Three-way baby body odour boosts parental bond

A scarf-like device that mothers of premature babies could wear collects their body scent and can then be kept with the newborn to sooth the infant and even improve the bond between mother and child. A similar system that works in reverse for fathers could help familiarise them with the scent of their newborn child even while he or she is in the intensive care unit or other healthcare setting and the father or mother are absent.

Dominika Potuzakova, Misha Croes and Loe Feijs of the Department of Industrial Design, at Eindhoven University of Technology, in The Netherlands undertake research in the area of olfactory semantics and how this odours might be incorporated and associated with product design. Odour plays an almost primordial role in helping to build the bond between parent and child and mother and child, in particular. Skin-to-skin contact between mother and newborn being an important early way to form the connection. But, in the case of premature babies this is not always easy or even possible.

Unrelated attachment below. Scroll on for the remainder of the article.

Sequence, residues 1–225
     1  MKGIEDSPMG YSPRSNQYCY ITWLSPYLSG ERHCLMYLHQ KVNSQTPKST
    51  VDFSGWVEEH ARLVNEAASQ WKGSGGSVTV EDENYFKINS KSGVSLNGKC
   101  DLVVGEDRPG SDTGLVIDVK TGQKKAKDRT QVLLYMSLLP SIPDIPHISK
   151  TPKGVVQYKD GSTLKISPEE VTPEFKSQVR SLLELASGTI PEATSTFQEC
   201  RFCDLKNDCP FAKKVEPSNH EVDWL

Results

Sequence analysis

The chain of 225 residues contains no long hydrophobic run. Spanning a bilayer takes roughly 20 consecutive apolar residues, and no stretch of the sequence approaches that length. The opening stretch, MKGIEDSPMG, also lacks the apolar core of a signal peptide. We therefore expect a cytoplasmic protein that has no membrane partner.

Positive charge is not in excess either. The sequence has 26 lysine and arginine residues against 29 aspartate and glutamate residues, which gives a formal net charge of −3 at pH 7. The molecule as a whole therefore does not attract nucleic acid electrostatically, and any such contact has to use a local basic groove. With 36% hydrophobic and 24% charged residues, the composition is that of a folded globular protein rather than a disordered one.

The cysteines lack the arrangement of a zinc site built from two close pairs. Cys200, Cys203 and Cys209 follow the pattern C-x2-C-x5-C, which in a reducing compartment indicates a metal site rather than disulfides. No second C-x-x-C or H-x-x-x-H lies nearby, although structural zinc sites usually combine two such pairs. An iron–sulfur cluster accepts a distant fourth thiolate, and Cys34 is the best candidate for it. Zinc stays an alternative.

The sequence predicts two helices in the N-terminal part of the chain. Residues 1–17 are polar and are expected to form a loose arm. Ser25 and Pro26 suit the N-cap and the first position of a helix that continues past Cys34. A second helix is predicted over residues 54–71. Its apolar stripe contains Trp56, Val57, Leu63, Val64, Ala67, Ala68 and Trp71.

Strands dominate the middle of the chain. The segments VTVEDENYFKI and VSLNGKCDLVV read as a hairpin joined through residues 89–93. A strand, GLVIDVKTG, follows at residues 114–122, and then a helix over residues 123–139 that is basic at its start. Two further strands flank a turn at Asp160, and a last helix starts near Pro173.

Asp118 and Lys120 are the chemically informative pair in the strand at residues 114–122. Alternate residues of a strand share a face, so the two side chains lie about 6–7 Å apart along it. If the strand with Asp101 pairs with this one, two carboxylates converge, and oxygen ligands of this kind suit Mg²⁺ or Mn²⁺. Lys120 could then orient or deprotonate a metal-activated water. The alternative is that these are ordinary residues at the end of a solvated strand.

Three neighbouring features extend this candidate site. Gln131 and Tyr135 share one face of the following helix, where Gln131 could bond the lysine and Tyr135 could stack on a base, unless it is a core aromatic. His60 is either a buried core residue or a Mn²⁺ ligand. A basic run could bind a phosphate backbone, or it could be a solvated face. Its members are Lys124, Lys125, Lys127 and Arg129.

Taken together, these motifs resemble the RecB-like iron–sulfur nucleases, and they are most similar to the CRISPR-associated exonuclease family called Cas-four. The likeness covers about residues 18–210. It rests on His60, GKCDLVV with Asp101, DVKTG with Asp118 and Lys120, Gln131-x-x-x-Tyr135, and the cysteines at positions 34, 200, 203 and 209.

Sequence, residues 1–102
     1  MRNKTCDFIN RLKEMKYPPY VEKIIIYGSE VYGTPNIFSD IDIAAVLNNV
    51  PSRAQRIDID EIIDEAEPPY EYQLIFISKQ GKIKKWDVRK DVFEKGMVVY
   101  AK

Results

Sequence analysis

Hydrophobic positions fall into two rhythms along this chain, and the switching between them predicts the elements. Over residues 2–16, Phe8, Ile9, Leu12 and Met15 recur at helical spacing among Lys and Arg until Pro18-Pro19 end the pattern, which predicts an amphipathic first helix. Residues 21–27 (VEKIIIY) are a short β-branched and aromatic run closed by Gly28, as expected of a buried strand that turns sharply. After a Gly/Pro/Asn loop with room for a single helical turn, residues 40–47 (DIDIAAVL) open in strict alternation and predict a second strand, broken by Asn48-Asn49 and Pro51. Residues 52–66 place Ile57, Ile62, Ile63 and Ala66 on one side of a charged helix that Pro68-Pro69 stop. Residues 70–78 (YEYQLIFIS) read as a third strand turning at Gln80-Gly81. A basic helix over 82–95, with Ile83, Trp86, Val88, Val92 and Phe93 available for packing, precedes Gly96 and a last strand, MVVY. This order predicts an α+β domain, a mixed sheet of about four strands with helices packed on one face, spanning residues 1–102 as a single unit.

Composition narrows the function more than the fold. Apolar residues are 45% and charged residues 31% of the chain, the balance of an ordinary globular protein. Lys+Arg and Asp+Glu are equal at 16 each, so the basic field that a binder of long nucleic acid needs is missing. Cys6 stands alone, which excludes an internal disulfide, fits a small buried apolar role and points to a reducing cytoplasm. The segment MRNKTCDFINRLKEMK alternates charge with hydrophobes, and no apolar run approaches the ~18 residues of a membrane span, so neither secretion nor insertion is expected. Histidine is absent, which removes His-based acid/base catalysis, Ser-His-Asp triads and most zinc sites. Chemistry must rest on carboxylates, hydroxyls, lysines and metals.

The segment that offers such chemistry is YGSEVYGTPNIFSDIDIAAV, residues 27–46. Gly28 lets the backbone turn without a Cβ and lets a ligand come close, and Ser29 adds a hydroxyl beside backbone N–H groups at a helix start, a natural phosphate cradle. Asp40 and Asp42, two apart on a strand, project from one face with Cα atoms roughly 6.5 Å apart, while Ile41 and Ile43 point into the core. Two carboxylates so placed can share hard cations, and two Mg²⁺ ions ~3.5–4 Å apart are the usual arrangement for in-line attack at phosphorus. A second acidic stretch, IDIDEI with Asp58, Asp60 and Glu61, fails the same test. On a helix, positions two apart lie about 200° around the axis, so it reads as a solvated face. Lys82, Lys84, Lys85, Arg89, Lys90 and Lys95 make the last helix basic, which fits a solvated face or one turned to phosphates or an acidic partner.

The team set out to find a way to help those parents whose child has been born weeks or even months before the full term of approximately nine months. Such infants often have health problems, not least because they have not undergone complete development in the womb. They must therefore spend protracted periods in a neonatal intensive care unit, or incubator, to sustain life and allow them to develop further.

The Oris scarf has scent absorbing bubbles that expand in contact with the mother’s neck and absorb her scent. When she removes the scarf the bubbles contract somewhat to trap the scent but when the scarf is then laid safely near the baby they open up again in the warmth and slowly release odour molecules from the mother so that the baby catches her scent. An entirely alternative design used in the opposite direction is used to trap the baby’s own scent and encase it in a “snuff box” type device that the father might use when away from the baby to get a “fix” of his newborn’s smell.

Feijs and colleagues write that, “The early bonding between parents and their (prematurely born) babies is crucial for the future physiological as well as mental development of the babies.”The next step is to test the designs of these scent traps with real parents to see whether they really do improve the wellbeing and development of the baby and the emotional states of the parents.

Potuzakova, D., Croes, M.J.G. and Feijs, L.M.G. (2016) ‘Semantics-driven design for bonding with human scent‘, Int. J. Arts and Technology, Vol. 9, No. 3, pp.237-252.

Author: David Bradley

Award-winning, freelance science writer based in Cambridge, England.